From the Boulder Daily Camera (Laura Snider):
[Ethan Gutmann, a scientist at the National Center for Atmospheric Research] and his colleagues are testing a number of new snow-measuring devices both at NCAR’s Marshall Field Site south of town and at the Niwot Ridge weather station northwest of Nederland.
Today, there are manual methods of measuring snow — think ruler — and automatic methods of measuring snow. Ultrasonic snow depth sensors, for example, essentially send out a pulse of noise and measure how long it takes for the sound waves to bounce back from the snow surface. But sounds waves can be altered by temperature and wind speeds. “In addition to the ultrasonic snow depth sensors, people are starting to use lasers,” Gutmann said. “It’s the same basic principles, but you’re using light instead of sound. And lasers aren’t affected by things like wind and temperature of the air.”
Gutmann is now using a laser measuring device at Niwot Ridge that can take a measurement of a different spot every four seconds. But he’s hoping to win the support of the National Science Foundation to install a laser that can take 12,000 measurements a second, which would allow him to quickly get a picture of how snow is piling up across a landscape. “I don’t want to know the snow depth 12,000 times per second,” he said. “But we want to study snow processes — we want to study the when and why. If you can scan a point and it takes you five days to get back to it, it’s hard to learn much about the processes.”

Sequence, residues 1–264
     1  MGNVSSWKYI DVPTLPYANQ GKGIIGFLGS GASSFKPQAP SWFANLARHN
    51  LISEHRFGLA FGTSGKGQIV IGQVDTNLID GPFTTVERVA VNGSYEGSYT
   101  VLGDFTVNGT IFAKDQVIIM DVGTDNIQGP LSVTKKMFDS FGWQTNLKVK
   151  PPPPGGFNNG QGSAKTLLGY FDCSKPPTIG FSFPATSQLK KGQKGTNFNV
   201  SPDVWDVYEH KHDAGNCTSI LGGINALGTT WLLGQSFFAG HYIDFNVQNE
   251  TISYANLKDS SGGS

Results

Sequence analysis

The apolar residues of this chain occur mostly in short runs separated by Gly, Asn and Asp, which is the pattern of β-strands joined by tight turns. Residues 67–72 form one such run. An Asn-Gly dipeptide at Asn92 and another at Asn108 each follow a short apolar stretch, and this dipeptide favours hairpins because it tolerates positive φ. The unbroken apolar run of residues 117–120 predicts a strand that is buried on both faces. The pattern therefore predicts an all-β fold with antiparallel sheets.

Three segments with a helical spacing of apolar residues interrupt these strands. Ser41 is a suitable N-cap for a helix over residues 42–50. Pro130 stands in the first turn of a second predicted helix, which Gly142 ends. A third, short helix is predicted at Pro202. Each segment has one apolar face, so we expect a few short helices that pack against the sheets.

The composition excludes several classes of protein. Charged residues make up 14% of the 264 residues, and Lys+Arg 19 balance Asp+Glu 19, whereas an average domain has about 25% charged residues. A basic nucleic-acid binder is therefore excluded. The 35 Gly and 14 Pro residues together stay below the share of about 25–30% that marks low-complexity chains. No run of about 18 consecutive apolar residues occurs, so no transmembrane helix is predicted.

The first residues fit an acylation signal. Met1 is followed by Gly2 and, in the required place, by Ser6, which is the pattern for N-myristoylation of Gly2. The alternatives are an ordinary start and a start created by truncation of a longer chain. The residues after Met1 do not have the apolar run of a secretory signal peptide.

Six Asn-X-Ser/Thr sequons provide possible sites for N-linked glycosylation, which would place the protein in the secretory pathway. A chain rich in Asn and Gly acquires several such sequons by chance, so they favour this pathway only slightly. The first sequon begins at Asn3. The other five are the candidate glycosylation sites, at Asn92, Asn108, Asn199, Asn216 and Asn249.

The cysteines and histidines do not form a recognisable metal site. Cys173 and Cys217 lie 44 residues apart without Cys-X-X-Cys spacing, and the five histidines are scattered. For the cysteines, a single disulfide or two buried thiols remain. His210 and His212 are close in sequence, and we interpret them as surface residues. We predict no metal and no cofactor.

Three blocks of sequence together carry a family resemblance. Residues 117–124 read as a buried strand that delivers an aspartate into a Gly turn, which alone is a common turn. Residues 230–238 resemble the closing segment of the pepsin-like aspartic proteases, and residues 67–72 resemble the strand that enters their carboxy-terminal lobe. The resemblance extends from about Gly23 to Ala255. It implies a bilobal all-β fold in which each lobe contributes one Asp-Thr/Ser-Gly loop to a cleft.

Gutmann is also working with a collaborator at the University of Colorado, Kristine Larson, to work on ways to use GPS sensors to measure snow depth. When GPS sensors receive satellite signals, they record both the signal that directly hits the device and the signal that bounces off the ground before hitting the sensor. “The receiver you have can’t distinguish between the two,” Gutmann said. “But the reflected signal causes a little bit of noise in the dominant signal that it’s looking at.” That noise changes as the distance between the GPS receiver and the ground changes, like after a snowfall. Using GPS signals to measure snowfall is especially interesting, from a cost efficiency perspective, because existing GPS receivers that are in place around the world could be used for the task.
At the Marshall Field Site south of Boulder, NCAR scientists are also developing instruments for measuring the amount of precipitation that falls during a snowstorm. These sensors, which contain some antifreeze, melt the snow as it falls, and measure the weight of the newly melted precipitation. In terms of gaining a full picture of total precipitation from a storm, these sensors have the benefit of measuring all the water in the snow, whereas snow depth measuring devices may inaccurately gauge precipitation when snow melts before it accumulates. The sensors, though, can be affected by wind.